|Brain Drain: Newly qualified medical graduates leave Lanka
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|Author:||Guest [ Fri Mar 25, 2005 5:36 pm ]|
|Post subject:||Brain Drain: Newly qualified medical graduates leave Lanka|
Brain drain clogs health sector
Friday, March 25,2005
COLOMBO: THE long delay in granting internship appointments has led to a large-scale brain drain, with newly qualified medical graduates opting to seek greener pastures abroad.
The delay has caused 1600 medical graduates to kill time till their internship appointments are granted in Government hospitals.
The Medical Faculty Students' Union (MFSU) and the Government Medical Officers Association at a joint media conference said Thursday that the cream of their passing out batches were leaving the country to complete their internships abroad due to the delay.
"Britain has opened up facilities for foreign medical students to complete internships in their local hospitals to fill the vacuum in their health system," GMOA President Dr. Anuruddha Padeniya said, adding that unless health authorities take immediate action to settle this issue soon, the country will be deprived of the best of local talent.
The media conference was held at the GMOA office at Colombo 7.
A legal case pending in the Supreme Court against the merit list for post internship appointments is blocking the granting of internships to the medical students.
Fifty two medical students challenged the formula used to prepare this list by the University Grants Commission, in December 2004 resulting in the Court freezing internship appointments until the case is settled.
"Already, 28 students who passed out from the Colombo Medical Faculty have left for England to complete internships and there are more to go," Dr.Padeniya said.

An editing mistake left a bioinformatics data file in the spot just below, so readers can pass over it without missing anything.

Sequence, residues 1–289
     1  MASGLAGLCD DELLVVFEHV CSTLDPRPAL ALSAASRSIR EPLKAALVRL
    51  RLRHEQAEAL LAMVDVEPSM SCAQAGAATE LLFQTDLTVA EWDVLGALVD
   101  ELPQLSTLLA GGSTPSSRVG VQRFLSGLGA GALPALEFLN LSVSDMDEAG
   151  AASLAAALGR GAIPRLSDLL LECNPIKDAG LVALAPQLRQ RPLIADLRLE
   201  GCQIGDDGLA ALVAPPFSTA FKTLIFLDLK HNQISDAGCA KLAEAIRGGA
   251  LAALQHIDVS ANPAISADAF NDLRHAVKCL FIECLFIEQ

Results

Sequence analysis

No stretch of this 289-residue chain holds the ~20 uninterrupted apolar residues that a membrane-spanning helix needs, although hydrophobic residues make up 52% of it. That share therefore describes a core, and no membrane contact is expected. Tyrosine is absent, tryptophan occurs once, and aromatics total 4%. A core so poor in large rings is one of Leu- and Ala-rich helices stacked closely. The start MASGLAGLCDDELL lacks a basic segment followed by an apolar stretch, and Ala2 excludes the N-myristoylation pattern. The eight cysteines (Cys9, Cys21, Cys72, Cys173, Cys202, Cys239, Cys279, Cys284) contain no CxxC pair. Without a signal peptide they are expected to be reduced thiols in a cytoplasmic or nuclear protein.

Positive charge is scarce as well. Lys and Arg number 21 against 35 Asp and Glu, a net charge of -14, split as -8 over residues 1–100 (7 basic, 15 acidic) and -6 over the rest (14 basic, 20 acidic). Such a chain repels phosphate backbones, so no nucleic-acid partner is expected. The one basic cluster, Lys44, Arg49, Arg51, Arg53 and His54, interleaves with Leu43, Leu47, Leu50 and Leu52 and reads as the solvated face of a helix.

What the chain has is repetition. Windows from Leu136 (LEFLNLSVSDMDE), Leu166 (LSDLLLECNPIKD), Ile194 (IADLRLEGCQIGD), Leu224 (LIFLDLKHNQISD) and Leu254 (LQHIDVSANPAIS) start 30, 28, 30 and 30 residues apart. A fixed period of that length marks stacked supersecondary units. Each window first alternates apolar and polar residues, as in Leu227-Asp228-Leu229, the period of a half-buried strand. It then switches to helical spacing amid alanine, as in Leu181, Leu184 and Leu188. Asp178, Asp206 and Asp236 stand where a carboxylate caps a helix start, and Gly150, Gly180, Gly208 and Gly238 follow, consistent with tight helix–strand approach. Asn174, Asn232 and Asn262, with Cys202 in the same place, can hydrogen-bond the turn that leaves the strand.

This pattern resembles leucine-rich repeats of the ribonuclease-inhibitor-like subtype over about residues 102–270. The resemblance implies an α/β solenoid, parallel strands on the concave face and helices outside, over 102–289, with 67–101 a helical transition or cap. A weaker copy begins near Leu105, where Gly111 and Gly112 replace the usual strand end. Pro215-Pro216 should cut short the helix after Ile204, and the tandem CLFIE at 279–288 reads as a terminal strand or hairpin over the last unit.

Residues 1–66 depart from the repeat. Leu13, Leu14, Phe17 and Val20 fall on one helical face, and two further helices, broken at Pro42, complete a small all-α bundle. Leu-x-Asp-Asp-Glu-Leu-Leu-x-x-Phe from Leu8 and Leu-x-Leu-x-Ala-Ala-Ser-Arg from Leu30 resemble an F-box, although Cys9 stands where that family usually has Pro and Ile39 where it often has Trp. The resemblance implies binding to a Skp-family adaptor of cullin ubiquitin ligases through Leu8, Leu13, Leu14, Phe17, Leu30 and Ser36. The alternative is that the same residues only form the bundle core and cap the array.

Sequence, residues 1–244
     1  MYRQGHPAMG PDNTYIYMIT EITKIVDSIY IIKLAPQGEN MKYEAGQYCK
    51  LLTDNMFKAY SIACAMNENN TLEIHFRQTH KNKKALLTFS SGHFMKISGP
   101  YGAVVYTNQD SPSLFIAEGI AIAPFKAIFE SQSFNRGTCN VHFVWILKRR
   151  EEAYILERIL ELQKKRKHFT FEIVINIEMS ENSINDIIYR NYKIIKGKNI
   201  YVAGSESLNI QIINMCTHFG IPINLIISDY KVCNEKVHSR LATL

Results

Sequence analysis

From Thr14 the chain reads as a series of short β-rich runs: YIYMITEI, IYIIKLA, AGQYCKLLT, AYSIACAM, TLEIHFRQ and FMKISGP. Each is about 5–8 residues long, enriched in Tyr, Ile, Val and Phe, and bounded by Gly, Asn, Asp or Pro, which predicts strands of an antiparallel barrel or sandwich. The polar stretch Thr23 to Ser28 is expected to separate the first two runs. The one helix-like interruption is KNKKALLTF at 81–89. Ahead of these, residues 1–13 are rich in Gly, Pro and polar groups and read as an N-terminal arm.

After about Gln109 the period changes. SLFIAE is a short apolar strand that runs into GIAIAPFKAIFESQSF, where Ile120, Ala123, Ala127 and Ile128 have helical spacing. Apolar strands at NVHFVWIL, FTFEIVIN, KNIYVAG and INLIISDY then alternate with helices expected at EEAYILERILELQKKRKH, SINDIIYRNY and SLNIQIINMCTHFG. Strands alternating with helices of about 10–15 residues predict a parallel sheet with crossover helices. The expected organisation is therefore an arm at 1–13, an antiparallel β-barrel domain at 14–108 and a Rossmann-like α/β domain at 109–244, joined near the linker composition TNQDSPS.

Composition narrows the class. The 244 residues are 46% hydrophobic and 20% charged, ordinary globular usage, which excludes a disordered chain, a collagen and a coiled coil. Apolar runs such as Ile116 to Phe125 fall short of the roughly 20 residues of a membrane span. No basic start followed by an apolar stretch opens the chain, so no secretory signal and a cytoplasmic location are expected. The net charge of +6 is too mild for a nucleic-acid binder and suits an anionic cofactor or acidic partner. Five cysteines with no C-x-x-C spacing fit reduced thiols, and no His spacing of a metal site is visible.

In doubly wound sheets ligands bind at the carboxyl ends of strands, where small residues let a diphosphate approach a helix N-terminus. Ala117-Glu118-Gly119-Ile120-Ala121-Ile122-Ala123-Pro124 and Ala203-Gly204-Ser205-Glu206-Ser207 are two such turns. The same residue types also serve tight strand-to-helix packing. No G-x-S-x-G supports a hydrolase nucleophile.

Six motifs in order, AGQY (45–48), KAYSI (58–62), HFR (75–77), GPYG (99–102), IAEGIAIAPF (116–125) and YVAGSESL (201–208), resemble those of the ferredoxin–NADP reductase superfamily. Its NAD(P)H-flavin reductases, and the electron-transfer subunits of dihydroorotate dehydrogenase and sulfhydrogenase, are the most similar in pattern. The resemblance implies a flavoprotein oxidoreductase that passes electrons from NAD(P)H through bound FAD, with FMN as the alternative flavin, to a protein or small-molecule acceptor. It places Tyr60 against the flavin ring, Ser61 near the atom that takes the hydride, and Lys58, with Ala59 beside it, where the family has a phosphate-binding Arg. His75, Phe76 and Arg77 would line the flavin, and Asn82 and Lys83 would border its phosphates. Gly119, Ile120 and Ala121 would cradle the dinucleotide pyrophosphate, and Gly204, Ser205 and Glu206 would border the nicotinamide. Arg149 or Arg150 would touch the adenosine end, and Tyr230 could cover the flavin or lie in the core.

MFSU President Kremlin Wickremasinghe said there were two batches awaiting internship appointments in Government hospitals and the first batch had been waiting for the past 18 months.
"These MBBS graduates cannot prescribe medicine without completing the internships which is compulsory to practice independently. They have completed their GCE Advanced Levels in 1996 and had been without a job for nine years. How many more months have they to wait ?"
He pointed out that further delay will add to the woes with almost all Medical faculties producing a new batch every six months.
"Medical faculties in order to clear the backlog in the past began enroling batches in six month intervals instead of one year. But the internship delay has made this effort futile," he said.
The Medical Faculty Students Union voiced that the present criteria, the Z-Score used to prepare the merit list which came under a lot of criticism must be done away with.
"This was promised by the UGC in writing in response to a protest campaign by the medical students supported by the academic staff last year but was never put into action," Wickremasinghe said.
The GMOA said the merit list deals with post internship appointments and therefore they see no necessity to freeze the internship appointments over the pending court case.
They appealed that the health, education and legal authorities must get together to expedite the court proceedings and settle the issue before it grows into a major health crisis.
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